Although intriguing, let’s ignore the concept that the majority of the shows on TV are being imagined by an autistic kid from the series finale of St. Elsewhere, a concept originally conceived by deceased comic book writer, Dwayne McDuffie. While the connections between television shows are tenuous, the connections between comic titles are solid and widespread. If something significant occurs in an issue of a Marvel or DC comic, it will most likely have an effect on every other comic title that the companies publish. Because of this, editors must devote a lot of time to keeping up with what is going on in the comics that they not edit. Editors are the ones who keep the immense comic book universes functioning. While an editor of a novel must check a single book for continuity errors, comic editors do the same, but lack the luxury of only focusing on a single book. Because of this, errors do sometimes occur. Also, events that occurred long ago in the past are occasionally changed to suit the purpose of a new storyline. The term that is used to describe this is “retconning.”
Due to the all-encompassing nature of the storylines in a comic book company’s universe, comics are often inaccessible to new readers. One of the first comics that I bought was an issue of Uncanny X-Men. I tried to read it, but it was completely nonsensical to me. Because of it, I didn’t read another comic for a few years. During my next attempt to get into the medium, I tried reading an issue of Uncanny X-Men for the second time. And although I found it confusing, it was not as confusing as my initial exposure to the comic, so I became determined to make sense out of the title. To do this, I began to read the comic on a monthly basis. And months later, I was able to understand most aspects of the story and it became my favorite comic.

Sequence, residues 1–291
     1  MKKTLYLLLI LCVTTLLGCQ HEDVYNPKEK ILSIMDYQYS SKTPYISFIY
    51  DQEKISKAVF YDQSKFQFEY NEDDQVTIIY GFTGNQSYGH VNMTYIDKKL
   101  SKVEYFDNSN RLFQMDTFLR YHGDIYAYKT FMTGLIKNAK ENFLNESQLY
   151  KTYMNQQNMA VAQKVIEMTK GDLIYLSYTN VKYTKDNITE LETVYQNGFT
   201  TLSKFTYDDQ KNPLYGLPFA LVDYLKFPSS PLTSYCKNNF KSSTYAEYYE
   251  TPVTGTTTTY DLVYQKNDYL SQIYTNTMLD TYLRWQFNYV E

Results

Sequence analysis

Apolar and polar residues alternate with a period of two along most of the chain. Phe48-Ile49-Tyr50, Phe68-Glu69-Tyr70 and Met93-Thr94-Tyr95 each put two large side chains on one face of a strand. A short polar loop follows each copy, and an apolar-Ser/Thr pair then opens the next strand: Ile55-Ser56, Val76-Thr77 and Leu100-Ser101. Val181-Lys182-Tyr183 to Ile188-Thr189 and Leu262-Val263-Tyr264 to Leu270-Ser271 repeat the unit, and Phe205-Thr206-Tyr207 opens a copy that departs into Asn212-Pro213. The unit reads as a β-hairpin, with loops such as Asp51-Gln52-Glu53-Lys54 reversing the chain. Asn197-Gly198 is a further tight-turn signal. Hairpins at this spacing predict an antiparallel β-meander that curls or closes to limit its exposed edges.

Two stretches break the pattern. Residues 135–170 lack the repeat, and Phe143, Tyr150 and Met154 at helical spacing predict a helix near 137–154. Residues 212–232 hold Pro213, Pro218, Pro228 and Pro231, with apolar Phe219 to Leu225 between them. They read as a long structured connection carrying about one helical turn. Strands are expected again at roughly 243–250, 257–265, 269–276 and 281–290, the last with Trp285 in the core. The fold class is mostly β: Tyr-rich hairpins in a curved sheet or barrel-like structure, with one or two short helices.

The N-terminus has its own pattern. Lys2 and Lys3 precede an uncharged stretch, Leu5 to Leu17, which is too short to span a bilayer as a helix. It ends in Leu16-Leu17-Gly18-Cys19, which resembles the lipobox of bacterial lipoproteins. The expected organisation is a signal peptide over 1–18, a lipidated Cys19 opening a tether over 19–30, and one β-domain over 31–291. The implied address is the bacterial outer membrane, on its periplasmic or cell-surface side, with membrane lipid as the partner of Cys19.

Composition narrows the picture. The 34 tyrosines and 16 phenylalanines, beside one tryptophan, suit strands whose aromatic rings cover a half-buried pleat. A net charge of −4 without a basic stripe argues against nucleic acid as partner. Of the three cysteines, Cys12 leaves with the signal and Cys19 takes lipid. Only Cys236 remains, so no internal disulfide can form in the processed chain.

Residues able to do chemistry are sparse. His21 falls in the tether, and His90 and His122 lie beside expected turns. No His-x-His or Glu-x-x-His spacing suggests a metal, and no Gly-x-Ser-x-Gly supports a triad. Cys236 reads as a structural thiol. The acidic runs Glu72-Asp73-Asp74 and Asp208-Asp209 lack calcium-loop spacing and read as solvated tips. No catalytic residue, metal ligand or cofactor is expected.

(This was during the nineties when Chris Claremont was writing the title near the end of his run. I would highly recommend reading the issues that he co-wrote with John Byrne during the seventies, which are far superior. They have been collected in the Essential X-Men books, which are cheap, phone book-sized books that reprint tons of issues on cheap paper in black and white to save on printing costs.)
Marvel and DC Comics occasionally attempt to make their comics more accessible to new readers. Last month, DC went through the most radical strategy of this kind: they cancelled all their comics except for a few of their flagship titles (although those comics were assigned to new creative teams), launched new titles, and renumbered everything so each issue started from “the beginning” with issue number one. In addition to the renumbering, they may have also started the stories of their universe’s superheroes over from the beginning, but I am not 100% certain of this. There was a major event called Flashpoint that altered reality to make it this way (DC tends to do this every few years, although the title of the events usually include the word, “Crisis”). I’m not entirely aware of all the changes that have been made, but I do know that Grant Morrison will be writing modern-day versions of the early Superman stories (but not a retellings of them) in the Action Comics title. While the comic, Superman, tells stories that “seemingly take place later in the character’s timeline.” I have read a few of “new” comics and haven’t been impressed, but it’s only the beginning of the second month of after the change so hopefully the comics will improve in the future. Despite that, DC Comics may be destroying their rich heritage with such a significant change.